This story first appeared in the Information Point newsletter Our World in 2011, when Zac, then aged eleven, was selected to represent Queensland in the Australian National Electric Wheelchair Sports competition.
My son Zac who is 11 years old has been selected this year to represent Queensland in the Australian National Electric Wheelchair Sports Competition. I am so proud of his achievement.
Since he was diagnosed with a very rare form of muscular dystrophy called myotubular myopathy at 6 months old I have watched his mobility become more and more restricted. When he went into an electric wheelchair full time two years ago, I looked around for an activity that could connect Zac with other people in wheelchairs. I found electric wheelchair sports at a school a long way from our home in an annual wheelchair sports demonstration.
I had never heard of electric wheelchair sports before but here they were – sports for people in electric wheelchairs. I immediately wanted Zac to be involved and took him along. This was 18 months ago. He loved it, for the first time I saw him get that competitive look in his eyes and when he got his first goal it was priceless. In fact, we were both hooked. It is lovely to see him be enthusiastic and be able to compete in sports. Zac has played all year and has qualified for the Queensland Gladiators team for the first time.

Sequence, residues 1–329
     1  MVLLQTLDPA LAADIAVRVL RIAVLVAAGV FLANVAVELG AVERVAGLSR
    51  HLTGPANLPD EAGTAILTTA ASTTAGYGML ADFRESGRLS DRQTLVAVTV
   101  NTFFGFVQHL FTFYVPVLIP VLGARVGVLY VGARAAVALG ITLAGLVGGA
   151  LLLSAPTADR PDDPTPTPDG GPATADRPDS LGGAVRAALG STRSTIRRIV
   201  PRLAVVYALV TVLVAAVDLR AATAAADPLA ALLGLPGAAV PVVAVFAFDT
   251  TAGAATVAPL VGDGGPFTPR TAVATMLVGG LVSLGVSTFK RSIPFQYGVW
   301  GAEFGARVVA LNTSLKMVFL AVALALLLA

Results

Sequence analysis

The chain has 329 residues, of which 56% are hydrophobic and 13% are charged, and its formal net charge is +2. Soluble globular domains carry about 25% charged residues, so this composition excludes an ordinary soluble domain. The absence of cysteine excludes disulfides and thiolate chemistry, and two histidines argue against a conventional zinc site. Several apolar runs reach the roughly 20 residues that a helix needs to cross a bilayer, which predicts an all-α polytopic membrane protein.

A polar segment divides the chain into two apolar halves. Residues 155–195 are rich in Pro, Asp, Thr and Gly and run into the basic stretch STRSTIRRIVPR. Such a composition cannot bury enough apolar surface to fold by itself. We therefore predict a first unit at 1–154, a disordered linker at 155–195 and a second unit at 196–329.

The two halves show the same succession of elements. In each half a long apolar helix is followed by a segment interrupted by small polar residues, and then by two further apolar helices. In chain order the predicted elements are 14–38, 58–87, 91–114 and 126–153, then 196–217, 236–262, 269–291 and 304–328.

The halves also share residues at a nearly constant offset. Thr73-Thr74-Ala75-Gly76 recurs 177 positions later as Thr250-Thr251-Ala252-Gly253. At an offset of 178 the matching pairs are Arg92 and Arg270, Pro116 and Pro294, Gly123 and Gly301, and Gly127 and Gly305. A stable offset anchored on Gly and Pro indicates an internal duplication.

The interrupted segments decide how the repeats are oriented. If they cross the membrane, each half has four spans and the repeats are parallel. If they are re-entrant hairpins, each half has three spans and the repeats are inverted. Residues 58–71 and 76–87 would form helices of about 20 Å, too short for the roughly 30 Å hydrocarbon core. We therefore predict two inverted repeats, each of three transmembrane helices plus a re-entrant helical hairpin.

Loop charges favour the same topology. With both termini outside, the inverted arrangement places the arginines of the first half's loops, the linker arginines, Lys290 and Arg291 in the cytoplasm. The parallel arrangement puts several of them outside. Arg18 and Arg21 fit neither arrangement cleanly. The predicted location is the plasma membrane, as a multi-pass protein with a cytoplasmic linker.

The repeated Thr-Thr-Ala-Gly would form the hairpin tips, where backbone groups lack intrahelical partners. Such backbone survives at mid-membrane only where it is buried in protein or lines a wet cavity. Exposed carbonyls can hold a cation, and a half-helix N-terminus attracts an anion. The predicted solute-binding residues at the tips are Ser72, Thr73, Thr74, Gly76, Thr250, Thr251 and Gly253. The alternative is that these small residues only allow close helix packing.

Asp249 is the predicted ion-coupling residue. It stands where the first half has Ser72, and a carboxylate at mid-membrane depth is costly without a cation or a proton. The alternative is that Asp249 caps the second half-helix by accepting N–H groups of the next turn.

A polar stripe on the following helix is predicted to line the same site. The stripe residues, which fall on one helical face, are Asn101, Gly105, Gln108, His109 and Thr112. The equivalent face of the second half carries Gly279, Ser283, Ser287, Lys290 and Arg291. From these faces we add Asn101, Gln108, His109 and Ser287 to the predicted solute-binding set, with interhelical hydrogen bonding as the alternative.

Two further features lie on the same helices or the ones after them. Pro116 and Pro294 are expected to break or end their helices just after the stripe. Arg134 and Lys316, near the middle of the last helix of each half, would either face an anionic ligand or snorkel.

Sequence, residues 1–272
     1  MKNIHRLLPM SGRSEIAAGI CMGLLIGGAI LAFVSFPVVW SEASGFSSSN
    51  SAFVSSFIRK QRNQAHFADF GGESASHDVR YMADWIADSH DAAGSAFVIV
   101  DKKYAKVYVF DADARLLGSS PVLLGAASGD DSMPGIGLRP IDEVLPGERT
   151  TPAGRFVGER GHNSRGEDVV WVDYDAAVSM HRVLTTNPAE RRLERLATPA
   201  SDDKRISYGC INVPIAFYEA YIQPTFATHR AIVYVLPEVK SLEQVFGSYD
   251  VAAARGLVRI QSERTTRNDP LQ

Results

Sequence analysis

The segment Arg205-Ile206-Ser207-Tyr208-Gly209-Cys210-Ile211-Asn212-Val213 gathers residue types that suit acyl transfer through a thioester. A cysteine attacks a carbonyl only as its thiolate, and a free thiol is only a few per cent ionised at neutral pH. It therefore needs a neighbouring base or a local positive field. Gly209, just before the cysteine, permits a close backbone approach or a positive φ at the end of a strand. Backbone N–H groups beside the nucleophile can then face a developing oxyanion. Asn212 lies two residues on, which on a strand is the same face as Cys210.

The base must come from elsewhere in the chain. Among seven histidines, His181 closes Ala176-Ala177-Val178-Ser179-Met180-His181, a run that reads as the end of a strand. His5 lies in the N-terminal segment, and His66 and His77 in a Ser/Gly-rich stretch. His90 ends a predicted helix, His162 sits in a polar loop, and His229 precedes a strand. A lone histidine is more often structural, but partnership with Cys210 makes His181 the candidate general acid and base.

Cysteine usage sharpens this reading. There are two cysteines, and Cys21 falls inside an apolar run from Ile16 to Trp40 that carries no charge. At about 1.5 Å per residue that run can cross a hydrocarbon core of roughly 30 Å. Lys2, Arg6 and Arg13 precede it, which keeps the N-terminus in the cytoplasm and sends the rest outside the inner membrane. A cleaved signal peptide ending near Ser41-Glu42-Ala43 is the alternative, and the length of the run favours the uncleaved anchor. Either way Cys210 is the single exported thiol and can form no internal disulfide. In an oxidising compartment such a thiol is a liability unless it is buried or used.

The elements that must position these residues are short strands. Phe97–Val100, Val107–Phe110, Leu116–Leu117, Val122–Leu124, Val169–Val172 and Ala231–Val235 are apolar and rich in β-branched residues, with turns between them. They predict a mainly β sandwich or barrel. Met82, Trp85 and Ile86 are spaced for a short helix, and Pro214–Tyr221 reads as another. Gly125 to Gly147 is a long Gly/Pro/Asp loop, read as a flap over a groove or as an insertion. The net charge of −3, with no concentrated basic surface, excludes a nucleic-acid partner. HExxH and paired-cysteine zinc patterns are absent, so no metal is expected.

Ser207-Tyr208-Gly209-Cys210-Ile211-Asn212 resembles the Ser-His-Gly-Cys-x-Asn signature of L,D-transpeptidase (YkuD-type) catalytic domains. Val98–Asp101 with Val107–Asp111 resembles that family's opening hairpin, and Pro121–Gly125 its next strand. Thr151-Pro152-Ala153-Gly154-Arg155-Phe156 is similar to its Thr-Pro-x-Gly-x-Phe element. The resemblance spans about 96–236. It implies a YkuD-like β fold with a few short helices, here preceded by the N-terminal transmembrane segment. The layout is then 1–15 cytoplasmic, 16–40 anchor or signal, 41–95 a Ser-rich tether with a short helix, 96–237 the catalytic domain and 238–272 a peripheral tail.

The sports include hockey, soccer, and rugby league. Each have been modified slightly from the standard rules of each sport, in order to ensure everyone can play. Soccer, for instance, was played with a monster inflatable balloon, while touch rugby league didn’t even have a ball. Okay, I might need to explain that last one a bit. Because a lot of the players couldn’t pass a real football, they use numbers instead. For instance, Zac is number four. If someone wanted to pass to him, they would call his number and he’d yell “Got it”, meaning he then had the ball. If Zac wanted to pass to someone, he’d call their number. I couldn’t watch them play rugby at first as the way to tackle an opponent is by smashing their wheelchair into their opponents. Something that went against all our rules of how to use a wheelchair safely.
The beauty of this competition is that these sports aren’t dependent on strength or physical prowess but instead on strategy and the ability to drive one’s chair. All Zac knows is that it is incredibly fun and that it is an opportunity to play sport like all his friends. I have seen the greater benefits the sport has to offer and this includes Zac being mentored by the older players, some in their 30’s and for me connecting with other parents and forming fantastic support networks.
I will be heading down to Sydney in April with Zac as his carer and official timekeeper for the team. Zac has set his sights on being selected into the Australian team to compete in the European International competition in Switzerland. So fingers crossed!